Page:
Stewart-Peterson Market Commentary

Closing Commentary - September 17, 2019

Top Farmer Closing Commentary 9-17-19

CORN HIGHLIGHTS: Corn futures took away yesterday's gains and then some with futures contracts closing 6 to 6-1/4 lower as May led today's drop closing at 3.88-1/4. Nearby Dec closed 6 lower at 3.68, reaching a high today at 3.74-1/4, a 1/2 cent below yesterday's high. After a solid close yesterday, crop ratings indicated basically no change to conditions, but did confirm the crop running well behind schedule with the dense stage at 68% vs a 5-year average of 87% and mature corn tagged at 18% vs a 5-year average of 39%. Harvested acres is also off to a slow start at 4% vs a 5-year average of 7%. 14% of the crop remains in poor or very poor shape while 55% remains good to excellent. The crop needs a lot of time to mature and recent rains along with above normal temperatures may very well help to push the crop along. The most recent 6-10 day forecast indicates the entire Corn Belt above normal in temperatures. Longer range forecasts show little chance of frost through the end of September.

SOYBEAN HIGHLIGHTS: It was a relatively quiet session as bean prices drifted, losing 3 to 6-1/2 cents on a lack of new positive news, a relatively good forecast for crop maturity, and a likely increase in farmer selling. Prices have made a significant bounce from September 9 in which Nov beans bottomed at 8.51 before topping yesterday at 9.04. This gain of 50+ cents was likely met not only with producer selling but also expectations that end user buying could slow. The dollar was weaker throughout today's session and that may have provided some underlying support. Today's close, in the middle range, really doesn't tell us much technically other than the market failed to follow through for a fourth-consecutive day of higher closes. Soybean meal finished down about 1.00 and bean oil weaker. Providing additional support was the NOPA Crush figure for August at 168 million bushels vs the average pre-report estimate of 162 million. A year ago was 159 million.

WHEAT HIGHLIGHTS: Wheat futures finished weaker in all three exchanges with Mpls down 2 to 2-1/2, while KC and Chi each lost 4-1/2 to 6-3/4 cents. A lack of new positive news and the failure to push above the high from the last two sessions may have had traders stepping aside long positions in both winter wheat contracts. As for Mpls, we think the market is well supported as rain continues to be an issue for spring wheat harvest. Yesterday afternoon crop progress numbers indicated harvest at 76% complete, 5% ahead of last week but down from the 5-year average of 93%. We'll expect choppy activity to continue with prices finding general support from good export sales to date. Yet, the dollar continues to hover at the upper end of its trading range and at the top end of a longer term uptrend. This will likely keep export sales in check.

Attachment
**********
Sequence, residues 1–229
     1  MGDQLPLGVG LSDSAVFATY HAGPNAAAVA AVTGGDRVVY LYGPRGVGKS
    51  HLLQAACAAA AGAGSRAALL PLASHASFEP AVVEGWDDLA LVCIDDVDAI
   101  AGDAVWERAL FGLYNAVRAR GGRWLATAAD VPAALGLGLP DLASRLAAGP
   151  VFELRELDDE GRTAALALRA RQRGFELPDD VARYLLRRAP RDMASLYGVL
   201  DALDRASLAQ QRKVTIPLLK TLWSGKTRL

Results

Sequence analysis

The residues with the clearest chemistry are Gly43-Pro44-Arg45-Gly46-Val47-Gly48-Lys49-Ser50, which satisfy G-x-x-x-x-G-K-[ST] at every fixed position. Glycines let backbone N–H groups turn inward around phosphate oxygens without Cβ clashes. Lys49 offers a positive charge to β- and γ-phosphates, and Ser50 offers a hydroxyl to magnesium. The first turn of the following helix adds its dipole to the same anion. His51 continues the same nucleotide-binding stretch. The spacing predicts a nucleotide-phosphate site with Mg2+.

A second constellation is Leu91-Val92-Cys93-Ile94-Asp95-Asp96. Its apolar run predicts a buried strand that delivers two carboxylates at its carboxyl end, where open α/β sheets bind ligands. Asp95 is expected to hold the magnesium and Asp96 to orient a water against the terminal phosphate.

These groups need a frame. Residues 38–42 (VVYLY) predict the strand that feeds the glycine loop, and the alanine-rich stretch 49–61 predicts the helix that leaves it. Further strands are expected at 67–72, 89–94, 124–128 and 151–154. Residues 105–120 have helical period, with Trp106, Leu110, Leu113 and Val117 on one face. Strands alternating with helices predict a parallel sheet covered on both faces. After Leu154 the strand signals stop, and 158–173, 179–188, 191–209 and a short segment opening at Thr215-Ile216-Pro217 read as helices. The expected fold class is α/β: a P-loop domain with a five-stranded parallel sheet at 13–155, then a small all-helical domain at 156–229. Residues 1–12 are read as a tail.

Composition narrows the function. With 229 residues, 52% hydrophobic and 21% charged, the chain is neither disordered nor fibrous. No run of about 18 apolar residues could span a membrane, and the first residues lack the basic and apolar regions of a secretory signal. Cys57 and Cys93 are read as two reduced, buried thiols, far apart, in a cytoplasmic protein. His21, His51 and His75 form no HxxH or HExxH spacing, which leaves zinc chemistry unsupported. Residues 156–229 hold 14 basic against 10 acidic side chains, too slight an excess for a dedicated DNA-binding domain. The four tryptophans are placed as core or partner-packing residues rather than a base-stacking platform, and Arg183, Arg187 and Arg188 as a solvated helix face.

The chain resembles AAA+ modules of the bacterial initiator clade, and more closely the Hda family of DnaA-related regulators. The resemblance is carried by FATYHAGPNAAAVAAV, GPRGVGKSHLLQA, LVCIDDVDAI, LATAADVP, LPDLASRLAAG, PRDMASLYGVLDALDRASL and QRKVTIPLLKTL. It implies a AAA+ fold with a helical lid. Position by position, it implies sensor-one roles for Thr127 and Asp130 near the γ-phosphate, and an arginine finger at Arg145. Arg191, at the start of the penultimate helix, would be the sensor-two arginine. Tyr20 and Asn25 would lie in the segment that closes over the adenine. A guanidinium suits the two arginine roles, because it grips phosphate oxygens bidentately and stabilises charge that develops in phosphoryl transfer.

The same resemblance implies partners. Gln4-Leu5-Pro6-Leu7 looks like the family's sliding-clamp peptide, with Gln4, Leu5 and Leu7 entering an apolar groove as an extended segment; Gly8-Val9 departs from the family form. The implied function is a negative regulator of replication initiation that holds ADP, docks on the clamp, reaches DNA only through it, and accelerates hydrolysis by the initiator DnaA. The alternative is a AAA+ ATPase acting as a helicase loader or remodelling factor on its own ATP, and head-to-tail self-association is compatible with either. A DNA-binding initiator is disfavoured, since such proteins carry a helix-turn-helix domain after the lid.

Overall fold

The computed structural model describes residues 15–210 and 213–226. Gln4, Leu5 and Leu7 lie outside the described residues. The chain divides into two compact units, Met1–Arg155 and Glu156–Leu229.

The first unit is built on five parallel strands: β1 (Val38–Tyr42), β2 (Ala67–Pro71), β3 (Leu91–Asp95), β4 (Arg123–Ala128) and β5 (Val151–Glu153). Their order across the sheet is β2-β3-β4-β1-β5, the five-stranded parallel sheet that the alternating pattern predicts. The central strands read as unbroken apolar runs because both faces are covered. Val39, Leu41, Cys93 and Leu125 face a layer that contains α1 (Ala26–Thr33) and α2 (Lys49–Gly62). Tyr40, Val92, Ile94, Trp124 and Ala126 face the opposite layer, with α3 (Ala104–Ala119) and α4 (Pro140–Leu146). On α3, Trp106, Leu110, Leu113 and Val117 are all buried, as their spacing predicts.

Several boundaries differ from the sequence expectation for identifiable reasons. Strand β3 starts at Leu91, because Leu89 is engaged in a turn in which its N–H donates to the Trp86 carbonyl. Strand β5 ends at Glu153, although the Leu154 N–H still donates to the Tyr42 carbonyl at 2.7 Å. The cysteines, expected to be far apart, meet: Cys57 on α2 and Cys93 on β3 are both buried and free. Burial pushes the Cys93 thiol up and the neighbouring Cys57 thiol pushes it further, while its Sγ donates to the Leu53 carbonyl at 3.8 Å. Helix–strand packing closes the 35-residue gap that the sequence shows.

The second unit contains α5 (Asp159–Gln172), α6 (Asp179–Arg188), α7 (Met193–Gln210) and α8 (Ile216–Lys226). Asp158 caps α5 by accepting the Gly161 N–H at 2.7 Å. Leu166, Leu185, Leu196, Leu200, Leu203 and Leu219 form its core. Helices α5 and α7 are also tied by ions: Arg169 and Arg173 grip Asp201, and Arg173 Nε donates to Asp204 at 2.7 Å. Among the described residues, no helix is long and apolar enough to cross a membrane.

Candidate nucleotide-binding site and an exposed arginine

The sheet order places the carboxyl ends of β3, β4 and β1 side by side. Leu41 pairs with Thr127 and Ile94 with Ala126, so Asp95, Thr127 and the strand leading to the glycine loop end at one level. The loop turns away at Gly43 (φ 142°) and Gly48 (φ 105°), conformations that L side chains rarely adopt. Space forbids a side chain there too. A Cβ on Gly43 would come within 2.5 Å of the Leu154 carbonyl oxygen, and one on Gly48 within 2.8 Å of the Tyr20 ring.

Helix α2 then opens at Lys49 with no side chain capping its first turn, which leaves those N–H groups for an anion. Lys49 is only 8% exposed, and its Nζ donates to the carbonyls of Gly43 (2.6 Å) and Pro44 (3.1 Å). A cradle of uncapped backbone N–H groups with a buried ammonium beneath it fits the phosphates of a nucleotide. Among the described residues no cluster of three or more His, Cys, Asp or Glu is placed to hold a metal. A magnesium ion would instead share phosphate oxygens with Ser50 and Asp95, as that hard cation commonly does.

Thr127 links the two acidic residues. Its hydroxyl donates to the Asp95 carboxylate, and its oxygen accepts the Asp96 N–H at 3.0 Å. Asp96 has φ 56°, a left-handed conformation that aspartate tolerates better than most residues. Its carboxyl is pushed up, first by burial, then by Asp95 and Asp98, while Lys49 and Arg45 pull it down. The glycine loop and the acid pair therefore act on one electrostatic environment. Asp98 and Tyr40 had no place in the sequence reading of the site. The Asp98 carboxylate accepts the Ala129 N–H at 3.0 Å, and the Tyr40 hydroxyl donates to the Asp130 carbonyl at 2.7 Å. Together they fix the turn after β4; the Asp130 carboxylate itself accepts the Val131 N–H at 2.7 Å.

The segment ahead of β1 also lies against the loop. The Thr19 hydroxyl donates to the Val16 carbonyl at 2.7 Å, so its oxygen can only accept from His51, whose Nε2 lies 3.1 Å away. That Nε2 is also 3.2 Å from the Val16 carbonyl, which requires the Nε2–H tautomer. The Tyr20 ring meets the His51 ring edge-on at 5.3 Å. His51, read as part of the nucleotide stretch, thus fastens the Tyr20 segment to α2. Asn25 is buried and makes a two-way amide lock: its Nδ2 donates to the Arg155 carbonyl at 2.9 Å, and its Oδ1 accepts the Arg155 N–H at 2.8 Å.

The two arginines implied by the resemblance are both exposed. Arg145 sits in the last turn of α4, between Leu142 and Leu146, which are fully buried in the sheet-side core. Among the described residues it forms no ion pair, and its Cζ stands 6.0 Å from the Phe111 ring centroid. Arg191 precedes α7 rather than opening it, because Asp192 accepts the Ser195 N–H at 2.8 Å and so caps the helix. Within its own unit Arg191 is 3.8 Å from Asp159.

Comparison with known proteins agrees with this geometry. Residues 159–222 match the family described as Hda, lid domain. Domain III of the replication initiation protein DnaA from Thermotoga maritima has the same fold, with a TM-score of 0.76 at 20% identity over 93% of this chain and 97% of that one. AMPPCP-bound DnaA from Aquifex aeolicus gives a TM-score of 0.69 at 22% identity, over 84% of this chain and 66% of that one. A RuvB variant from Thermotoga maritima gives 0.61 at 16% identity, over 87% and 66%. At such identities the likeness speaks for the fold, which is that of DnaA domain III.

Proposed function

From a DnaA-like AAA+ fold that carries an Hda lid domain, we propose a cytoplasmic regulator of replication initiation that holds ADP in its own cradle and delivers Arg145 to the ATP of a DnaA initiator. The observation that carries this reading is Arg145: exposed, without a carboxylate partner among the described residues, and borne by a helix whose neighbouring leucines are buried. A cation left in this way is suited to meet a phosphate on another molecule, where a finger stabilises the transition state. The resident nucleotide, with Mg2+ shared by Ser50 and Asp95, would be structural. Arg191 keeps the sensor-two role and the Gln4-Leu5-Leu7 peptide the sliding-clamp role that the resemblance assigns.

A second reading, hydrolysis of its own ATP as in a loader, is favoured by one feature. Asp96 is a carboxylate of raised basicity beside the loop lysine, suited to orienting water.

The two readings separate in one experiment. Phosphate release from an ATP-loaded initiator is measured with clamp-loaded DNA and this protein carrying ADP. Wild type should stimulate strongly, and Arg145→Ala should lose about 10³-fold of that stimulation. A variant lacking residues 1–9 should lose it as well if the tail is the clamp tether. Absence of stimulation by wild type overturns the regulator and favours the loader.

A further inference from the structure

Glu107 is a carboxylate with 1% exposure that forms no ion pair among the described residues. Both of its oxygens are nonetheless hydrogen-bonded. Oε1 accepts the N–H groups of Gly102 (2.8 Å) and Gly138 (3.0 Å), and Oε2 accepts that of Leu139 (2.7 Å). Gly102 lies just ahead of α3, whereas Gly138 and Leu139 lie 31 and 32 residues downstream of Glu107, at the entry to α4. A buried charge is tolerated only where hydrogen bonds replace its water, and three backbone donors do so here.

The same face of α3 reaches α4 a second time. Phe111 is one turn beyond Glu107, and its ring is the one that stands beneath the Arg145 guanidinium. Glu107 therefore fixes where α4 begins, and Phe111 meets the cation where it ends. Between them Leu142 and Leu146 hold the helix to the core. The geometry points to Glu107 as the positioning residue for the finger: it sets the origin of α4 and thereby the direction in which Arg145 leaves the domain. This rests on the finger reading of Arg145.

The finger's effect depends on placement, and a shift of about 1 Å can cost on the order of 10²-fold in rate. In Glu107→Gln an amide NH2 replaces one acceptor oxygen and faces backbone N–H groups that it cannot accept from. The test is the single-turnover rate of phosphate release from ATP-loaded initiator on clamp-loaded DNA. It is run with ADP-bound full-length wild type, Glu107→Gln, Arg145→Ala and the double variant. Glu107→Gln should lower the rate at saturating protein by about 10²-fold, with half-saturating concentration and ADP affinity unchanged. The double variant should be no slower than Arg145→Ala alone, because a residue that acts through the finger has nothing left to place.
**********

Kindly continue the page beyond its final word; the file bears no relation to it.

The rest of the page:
CATTLE HIGHLIGHTS: Cattle markets posted triple-digit gains today with some impressive technical buying. Oct lives were up 1.35 to 99.35, Dec lives were up 1.27 to 105.30, and Feb lives were up 1.32 to 111.77. Sep feeders were up 2.62 to 139.17 and Oct feeders were up 3.10 to 137.30. Choice beef values were down 26 cents yesterday afternoon to 220.62 but were up 1.39 this morning to 222.01. News this morning that the U.S. and Japan have reached an initial trade agreement was very supportive as most are expecting Japan to gain increased access to U.S. ag products. Beef is likely to be a main beneficiary of the trade deal. Carcass weights are not increasing and the glut of market-ready cattle has not shown up as expected. Big packer profits are likely to keep this trend going. The best-traded Dec live cattle contract made their highest trade and highest close since August 26. There is still a gap to fill on the Dec charts from 106.55 to 108.45 and from 108.45 to 111.17. Oct feeders had a very impressive session today, closing above their 50-day moving average level for the first time since August 8. Both the live and feeder cattle contracts have crept into overbought levels though momentum indicators are still pointing higher.

LEAN HOG HIGHLIGHTS: Hog markets posted sharp losses today in disappointing form despite the spread of African swine fever. Oct hogs closed 1.52 lower to 62.10, Dec hogs were down 3.00 to 67.67, and Feb hogs were down 2.30 to 73.55. The CME Lean Hog Index was down 1.23 today to 58.48. This was the lowest value since March 21. China's national average spot pig price was steady overnight. Carcass cutout values closed 45 cents higher yesterday afternoon to 68.66 and were up another 69 cents this morning to 69.35. The lack of a strong rally in the carcass values makes it seem as though the U.S. is not begun to sell massive amounts of pork to China. Without sales of pork to China, hog markets will have an extremely difficult time rallying. African swine fever was reported in North Korea for the first time overnight, and while there is not massive expectations for pork exports to North Korea, it does show how difficult the virus is to eradicate and keep from spreading. The technical price action today was disappointing, with Oct futures falling back below their 10 and 20-day moving average levels to make their lowest close since last Wednesday. Dec hogs finished at their limit lower though still made an inside session and held support at their 50-day moving average level. The Dec contract still has gaps and prices will need to trade down to 64.20 to fill the first and 61.75 to fill the second gap.




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